NFPA certification is only where we start!
To meet NFPA 1999, 1951 & 1971 standards, Ricochet garments undergo numerous tests to guarantee durability under hard use and effectiveness as barriers to liquids and liquid-borne pathogens. We manufacture all our Protective Protective Eqiuipment (PPE) garments in our ISO 9001 certified plant in the U.S. As tough as NFPA standards are, creating PPE garments that are just "good enough" to meet NFPA certification is not good enough for us. That’s why, at Ricochet, we engineer clothing that goes above and beyond the requirements of NFPA 1999, 1951 and 1971.
Using specially designed equipment, all seams are heat-welded under highly controlled conditions to ensure that no possibility for seal compromise exists. Every Ricochet suit then receives additional heat welds at high stress points - welds that are carefully hand-applied by skilled technicians. No Ricochet PPE garment is shipped until it passes a specially developed, highly-demanding inspection program. We use GORE-SEAM® tape, the most durably waterproof seam tape available, to seal all the tiny sewing holes in CROSSTECH® components of our PPE garments. At Ricochet, we put in the extra effort to give you the extra security and confidence you deserve.
In our quest to produce the finest protective gear, Ricochet evaluated many different fabrics. Our research showed that CROSSTECH® fabrics from W.L. Gore & Associates, Inc. are the best choice. Since then, we've exclusively used CROSSTECH® EMS, CROSSTECH® S/R, CROSSTECH® and GORE® RT7100 fabrics in all Ricochet PPE garments.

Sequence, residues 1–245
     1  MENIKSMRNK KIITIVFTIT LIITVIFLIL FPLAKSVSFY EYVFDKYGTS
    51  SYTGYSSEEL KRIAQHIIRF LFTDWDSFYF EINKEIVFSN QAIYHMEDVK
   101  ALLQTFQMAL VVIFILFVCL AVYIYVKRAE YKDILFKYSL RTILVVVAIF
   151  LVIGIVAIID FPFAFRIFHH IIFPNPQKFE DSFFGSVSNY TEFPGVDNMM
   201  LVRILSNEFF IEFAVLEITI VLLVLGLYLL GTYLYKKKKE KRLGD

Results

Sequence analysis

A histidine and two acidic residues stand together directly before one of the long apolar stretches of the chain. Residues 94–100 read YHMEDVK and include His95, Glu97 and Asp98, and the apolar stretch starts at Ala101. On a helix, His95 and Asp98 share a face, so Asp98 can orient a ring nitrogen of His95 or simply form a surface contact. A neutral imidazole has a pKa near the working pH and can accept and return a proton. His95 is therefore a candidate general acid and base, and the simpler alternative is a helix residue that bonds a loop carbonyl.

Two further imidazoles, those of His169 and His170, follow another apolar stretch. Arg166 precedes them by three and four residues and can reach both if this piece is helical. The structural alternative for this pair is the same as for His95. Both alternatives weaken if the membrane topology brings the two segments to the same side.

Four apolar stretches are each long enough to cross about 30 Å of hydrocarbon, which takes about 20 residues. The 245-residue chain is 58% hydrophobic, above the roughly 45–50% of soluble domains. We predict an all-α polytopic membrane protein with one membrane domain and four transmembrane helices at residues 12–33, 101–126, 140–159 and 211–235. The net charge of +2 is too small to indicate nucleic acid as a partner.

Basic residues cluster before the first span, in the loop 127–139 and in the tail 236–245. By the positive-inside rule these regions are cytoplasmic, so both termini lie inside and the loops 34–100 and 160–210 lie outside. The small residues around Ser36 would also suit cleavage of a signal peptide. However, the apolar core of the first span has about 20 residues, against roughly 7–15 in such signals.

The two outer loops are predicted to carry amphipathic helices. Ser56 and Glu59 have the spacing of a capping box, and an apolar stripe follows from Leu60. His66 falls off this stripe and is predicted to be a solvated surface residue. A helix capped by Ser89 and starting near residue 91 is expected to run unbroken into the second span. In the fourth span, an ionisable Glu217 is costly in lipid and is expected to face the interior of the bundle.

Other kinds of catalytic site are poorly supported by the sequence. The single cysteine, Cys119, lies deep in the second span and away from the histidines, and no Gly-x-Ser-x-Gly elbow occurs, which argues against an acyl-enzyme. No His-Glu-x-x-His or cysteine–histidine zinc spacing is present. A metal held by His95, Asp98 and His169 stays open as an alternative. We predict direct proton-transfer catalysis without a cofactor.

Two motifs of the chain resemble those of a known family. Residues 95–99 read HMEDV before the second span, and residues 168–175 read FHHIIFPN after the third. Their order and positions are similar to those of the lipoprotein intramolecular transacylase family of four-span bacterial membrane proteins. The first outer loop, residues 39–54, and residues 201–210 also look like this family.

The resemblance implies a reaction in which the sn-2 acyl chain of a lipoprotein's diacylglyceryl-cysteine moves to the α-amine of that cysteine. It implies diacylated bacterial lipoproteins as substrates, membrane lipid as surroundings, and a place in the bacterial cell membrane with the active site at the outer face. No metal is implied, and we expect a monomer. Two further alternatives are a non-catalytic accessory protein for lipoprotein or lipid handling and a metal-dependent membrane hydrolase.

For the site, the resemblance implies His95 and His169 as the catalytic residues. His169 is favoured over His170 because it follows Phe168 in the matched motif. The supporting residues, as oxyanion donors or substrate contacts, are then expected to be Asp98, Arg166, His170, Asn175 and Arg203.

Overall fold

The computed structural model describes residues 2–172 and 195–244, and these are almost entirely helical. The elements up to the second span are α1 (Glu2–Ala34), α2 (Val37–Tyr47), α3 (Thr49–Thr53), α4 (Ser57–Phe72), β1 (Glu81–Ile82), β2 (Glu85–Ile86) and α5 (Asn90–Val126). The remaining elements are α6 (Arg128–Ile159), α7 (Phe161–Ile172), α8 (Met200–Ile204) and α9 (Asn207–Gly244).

CROSSTECH® fabrics offer superior protection and are certified to meet the garment material requirements of the NFPA 1999 Standard for Protective Clothing for Emergency Medical Operations, NFPA 1951 and NFPA 1971. This standard ensures that our PPE clothing offers protection against blood and body fluids, as well as liquid chemicals such as battery acid, gasoline, and hydraulic fluid. CROSSTECH® fabric is fully waterproof and highly breathable, ensuring comfort in everyday use. It is highly vapor-permeable, allowing evaporated perspiration to escape at much greater rates than other films and coated fabrics. CROSSTECH® fabric keeps wearers drier, alleviating the potential for severe discomfort and heat stress problems. Like GORE-TEX® fabric, CROSSTECH® EMS fabric remains durably waterproof after exposure to flexure and abrasion in cold and wet conditions, and after exposure to contaminants such as oils, fuels, insect repellents and other common chemicals. Gore’s manufacturing plant is ISO 9000 quality certified, ensuring the consistently high quality you expect from the inventors of GORE-TEX® fabric. At Ricochet, we know that the CROSSTECH® fabric membrane offers superior protection against blood, body fluids and chemical liquid dangers.